For the average person, stretching is stretching. Most people are unaware that there are multiple forms of stretching, including dynamic, static, and active stretching. It’s likely that you are familiar with static stretching, which involves going through the motions that you’ve observed or learned over the years. As it turns out, active stretching is the most beneficial form of stretching.
What Is Active Stretching?
Active stretching is a form of static stretching, but it involves remaining in a position that isolates the muscles that you want to stretch. If the stretch aims to target the hamstring, you only use the muscles in that area to hold the pose. For example, during the pose, you contract the muscle group that you’re stretching and relax the opposite muscle group. This actually can deepen the stretch and improve range of motion. You don’t need external forces to increase mobility with active stretching.
What Does Research Say About Active Stretching?
Active stretching is based on reciprocal inhibition, meaning that you voluntarily contract one muscle group and relax the other muscle group. This allows you to go deeper into the stretch. A review in 2012 compared active stretching to passive stretching, in regards to muscle loss prevention. The majority of the research indicated that active stretching helped prevent muscle atrophy, whereas passive stretching didn’t do much. Other research from 2015 found that actively stretching the hamstrings improved flexibility and knee flexion more than people who passively stretched.
If you don’t regularly engage in active stretching, we recommend starting now. It may help to improve performance, accelerate recovery time, and improve range of motion and flexibility. See the following benefits below.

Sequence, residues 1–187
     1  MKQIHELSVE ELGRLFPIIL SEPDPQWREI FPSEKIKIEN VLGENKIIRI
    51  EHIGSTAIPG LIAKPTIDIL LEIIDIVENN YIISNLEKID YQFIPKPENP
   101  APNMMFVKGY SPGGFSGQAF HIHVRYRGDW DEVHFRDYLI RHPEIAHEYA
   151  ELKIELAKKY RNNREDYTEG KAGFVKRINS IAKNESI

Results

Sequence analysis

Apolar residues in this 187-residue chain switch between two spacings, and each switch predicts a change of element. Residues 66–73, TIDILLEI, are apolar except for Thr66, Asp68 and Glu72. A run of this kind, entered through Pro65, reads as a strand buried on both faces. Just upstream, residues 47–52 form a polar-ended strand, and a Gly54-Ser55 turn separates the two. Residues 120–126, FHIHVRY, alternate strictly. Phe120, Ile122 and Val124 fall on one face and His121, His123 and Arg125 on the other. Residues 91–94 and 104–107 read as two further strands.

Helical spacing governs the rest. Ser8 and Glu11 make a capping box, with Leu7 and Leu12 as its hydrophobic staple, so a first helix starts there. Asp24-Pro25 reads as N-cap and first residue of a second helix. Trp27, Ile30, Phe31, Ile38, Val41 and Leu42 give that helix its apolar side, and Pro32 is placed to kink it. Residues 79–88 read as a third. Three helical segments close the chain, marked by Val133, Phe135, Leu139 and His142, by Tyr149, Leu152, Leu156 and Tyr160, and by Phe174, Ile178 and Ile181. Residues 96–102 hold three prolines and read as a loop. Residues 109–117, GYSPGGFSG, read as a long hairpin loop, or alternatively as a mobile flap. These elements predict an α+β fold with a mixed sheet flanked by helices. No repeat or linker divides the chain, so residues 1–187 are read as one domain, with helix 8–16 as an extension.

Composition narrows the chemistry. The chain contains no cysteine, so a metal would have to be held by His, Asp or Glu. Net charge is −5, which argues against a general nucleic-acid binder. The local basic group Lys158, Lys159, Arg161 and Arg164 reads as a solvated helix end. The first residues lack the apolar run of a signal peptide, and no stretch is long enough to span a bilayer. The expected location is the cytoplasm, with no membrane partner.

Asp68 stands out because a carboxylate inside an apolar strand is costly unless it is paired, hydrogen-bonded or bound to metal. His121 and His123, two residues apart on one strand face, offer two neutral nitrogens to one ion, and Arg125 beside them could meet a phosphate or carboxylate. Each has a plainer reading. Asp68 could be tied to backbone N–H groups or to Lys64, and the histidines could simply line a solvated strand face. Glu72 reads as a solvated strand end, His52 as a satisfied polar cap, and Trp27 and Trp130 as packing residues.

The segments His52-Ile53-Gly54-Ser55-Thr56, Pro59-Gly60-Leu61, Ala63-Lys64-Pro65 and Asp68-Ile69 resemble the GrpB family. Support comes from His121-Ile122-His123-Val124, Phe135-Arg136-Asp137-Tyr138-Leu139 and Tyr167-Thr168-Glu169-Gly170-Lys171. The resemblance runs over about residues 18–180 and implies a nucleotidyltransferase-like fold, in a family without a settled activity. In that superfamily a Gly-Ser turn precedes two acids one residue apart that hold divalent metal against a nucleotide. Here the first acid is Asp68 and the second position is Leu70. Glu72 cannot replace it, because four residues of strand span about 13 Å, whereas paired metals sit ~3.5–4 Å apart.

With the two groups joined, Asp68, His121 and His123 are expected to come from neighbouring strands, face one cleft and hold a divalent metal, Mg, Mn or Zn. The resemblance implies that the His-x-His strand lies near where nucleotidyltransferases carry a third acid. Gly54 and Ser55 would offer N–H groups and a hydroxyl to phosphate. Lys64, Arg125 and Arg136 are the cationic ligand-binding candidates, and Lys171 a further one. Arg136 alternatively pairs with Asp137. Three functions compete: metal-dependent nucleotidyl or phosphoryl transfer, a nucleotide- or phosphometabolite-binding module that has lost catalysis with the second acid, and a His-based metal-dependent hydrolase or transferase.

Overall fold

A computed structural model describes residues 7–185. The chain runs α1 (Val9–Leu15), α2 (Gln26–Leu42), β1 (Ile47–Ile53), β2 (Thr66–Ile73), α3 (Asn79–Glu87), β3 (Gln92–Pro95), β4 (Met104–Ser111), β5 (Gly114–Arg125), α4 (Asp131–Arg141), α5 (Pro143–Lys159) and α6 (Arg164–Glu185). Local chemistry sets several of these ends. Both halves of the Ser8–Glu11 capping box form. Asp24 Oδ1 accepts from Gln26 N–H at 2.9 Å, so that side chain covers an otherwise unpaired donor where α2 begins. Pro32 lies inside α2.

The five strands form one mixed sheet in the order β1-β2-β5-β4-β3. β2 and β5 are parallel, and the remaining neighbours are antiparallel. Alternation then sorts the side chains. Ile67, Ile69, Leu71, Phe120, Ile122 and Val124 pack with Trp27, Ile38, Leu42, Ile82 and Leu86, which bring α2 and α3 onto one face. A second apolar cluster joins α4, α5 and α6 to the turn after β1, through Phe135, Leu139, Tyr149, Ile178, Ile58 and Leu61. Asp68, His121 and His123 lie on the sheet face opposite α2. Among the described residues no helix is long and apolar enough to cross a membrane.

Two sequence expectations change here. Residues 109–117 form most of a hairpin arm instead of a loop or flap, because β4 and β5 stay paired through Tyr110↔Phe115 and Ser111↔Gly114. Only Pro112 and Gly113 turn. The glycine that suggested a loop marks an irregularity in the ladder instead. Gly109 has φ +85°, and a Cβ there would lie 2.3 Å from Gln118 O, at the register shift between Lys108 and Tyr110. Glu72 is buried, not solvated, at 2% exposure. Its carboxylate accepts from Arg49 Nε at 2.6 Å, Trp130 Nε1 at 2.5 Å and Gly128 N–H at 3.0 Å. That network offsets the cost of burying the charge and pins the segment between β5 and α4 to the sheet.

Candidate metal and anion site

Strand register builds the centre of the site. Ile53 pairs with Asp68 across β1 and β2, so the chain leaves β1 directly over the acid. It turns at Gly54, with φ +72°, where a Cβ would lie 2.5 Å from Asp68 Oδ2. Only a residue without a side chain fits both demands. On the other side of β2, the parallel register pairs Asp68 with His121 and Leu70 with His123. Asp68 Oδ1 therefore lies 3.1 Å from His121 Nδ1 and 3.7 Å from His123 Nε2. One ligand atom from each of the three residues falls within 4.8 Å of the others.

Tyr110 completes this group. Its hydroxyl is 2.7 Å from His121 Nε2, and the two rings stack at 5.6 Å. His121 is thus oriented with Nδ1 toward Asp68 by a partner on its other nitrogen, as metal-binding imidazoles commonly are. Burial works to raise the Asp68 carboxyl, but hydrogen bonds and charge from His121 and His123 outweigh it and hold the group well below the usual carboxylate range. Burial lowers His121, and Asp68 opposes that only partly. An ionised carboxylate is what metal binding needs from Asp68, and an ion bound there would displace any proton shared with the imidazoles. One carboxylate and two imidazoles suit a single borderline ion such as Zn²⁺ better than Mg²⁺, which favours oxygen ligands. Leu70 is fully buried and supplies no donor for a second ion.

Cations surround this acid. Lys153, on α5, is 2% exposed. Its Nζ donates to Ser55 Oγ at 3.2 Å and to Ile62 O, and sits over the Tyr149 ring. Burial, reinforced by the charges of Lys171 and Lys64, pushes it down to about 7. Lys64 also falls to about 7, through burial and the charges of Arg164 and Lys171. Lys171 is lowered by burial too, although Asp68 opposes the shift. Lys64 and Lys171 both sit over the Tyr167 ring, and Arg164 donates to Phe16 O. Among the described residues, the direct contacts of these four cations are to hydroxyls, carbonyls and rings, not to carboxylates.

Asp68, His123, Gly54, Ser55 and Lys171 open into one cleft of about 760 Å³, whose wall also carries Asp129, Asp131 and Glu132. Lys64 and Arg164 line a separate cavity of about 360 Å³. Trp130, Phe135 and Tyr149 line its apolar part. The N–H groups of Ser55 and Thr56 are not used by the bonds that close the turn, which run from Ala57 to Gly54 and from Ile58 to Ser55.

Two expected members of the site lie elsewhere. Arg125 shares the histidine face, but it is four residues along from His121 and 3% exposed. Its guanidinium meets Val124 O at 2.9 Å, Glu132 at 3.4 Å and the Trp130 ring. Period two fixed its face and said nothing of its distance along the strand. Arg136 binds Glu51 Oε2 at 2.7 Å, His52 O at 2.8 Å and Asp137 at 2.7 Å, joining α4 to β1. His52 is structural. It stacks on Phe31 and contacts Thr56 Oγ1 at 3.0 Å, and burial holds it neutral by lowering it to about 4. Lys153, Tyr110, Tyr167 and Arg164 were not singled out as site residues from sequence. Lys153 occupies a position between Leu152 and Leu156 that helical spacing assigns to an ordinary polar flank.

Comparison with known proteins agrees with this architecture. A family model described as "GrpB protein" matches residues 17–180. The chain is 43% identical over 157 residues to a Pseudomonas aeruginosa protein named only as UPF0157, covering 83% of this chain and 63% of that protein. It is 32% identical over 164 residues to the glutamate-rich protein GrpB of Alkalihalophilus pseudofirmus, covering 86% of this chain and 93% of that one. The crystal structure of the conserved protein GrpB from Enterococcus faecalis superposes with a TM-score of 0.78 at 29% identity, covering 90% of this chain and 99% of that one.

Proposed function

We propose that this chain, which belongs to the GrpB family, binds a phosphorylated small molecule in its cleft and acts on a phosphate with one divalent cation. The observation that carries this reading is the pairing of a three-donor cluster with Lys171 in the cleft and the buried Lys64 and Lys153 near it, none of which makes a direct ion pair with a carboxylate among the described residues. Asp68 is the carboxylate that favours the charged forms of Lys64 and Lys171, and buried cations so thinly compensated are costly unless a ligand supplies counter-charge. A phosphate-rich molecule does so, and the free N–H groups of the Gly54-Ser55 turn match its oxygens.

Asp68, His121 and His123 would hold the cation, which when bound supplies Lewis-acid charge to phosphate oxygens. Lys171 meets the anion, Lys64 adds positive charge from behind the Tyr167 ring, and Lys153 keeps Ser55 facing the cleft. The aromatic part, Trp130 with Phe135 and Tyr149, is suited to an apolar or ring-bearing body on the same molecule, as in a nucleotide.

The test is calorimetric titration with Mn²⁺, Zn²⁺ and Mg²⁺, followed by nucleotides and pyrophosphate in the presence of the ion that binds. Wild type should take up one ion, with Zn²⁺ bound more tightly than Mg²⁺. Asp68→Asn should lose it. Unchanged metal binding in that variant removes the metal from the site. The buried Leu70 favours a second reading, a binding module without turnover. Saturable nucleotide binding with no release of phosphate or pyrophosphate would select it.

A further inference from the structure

Active stretching works to improve circulation to your muscles by gently stimulating them. In doing so, you can experience less tension and pain in the targeted areas. It’s not a and done and done quick fix thing, though. You have to regularly engage in active stretching to help relieve pain. This has been proven with athletes who experienced an injury and used active stretching for recovery.
Please don’t think that active stretching replaces strength training because it doesn’t. It does help to maintain your strength, though. According to a study from Medicine & Science in Sports & Exercise, people who actively stretched their legs for 40 minutes several times a week improved their one-rep max by 32% in 15 different exercises. People also improved muscular endurance, standing long-jump, vertical jump, and more.
One of the most common benefits of all stretching is that you can improve your athletic performance. For active stretching, engaging the muscles during the stretch can improve performance in those areas. By improving mobility, range of motion, and overall flexibility, you have a better chance at performing better and reducing the risk of injury.
With regular passive stretching, you address general pain or work to increase flexibility. More often than not, people aim to stretch areas of pain, but don’t correctly address the affected muscle group. Active stretching allows you the opportunity to cater your stretches to the areas of pain. You can look up videos online about specific active stretches for your needs, or you can visit a stretch therapy center. You can read more about stretch therapy by clicking here.
Better Form During Exercise:
If you are a workout enthusiast, then you understand how optimal form is paramount for reducing risk of injury and targeting the muscles you actually want to strengthen. Most people engage in exercises with improper form all the time. No matter what type of exercise you do, you can always improve your form by actively stretching. As we stated earlier, active stretching can lead to better performance and improved muscle strength. Healthier muscles and flexibility allow for full range of motion, which makes it easier to successfully perform the exercise.